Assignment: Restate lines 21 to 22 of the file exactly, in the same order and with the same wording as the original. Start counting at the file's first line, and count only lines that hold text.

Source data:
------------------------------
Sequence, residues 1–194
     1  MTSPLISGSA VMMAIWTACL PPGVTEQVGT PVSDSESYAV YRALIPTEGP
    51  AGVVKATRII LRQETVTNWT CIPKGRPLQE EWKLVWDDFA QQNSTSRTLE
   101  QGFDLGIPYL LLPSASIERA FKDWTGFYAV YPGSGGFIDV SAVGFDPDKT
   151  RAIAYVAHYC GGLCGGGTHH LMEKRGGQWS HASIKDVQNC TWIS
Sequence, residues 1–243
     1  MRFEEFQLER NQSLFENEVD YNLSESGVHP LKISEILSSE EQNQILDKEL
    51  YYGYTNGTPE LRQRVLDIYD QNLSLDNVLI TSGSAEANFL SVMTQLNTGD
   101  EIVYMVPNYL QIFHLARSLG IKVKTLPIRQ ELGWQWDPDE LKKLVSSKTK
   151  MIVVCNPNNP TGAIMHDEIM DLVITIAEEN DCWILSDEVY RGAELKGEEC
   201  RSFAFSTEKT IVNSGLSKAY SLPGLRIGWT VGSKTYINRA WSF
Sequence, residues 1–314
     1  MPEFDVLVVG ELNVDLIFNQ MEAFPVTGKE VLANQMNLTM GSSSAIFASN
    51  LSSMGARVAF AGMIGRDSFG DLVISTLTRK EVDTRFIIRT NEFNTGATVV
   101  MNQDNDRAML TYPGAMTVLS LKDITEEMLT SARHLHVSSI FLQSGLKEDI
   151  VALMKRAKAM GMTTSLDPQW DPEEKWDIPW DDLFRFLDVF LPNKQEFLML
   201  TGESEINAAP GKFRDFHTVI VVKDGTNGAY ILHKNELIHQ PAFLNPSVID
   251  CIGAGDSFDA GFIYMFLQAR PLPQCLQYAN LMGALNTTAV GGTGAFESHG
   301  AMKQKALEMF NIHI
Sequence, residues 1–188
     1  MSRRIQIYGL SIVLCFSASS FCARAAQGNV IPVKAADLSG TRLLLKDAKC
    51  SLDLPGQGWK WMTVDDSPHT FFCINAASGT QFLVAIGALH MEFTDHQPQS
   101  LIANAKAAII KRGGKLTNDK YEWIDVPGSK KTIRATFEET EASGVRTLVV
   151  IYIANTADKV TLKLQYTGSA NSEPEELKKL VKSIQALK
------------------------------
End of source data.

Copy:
     1  MSRRIQIYGL SIVLCFSASS FCARAAQGNV IPVKAADLSG TRLLLKDAKC
    51  SLDLPGQGWK WMTVDDSPHT FFCINAASGT QFLVAIGALH MEFTDHQPQS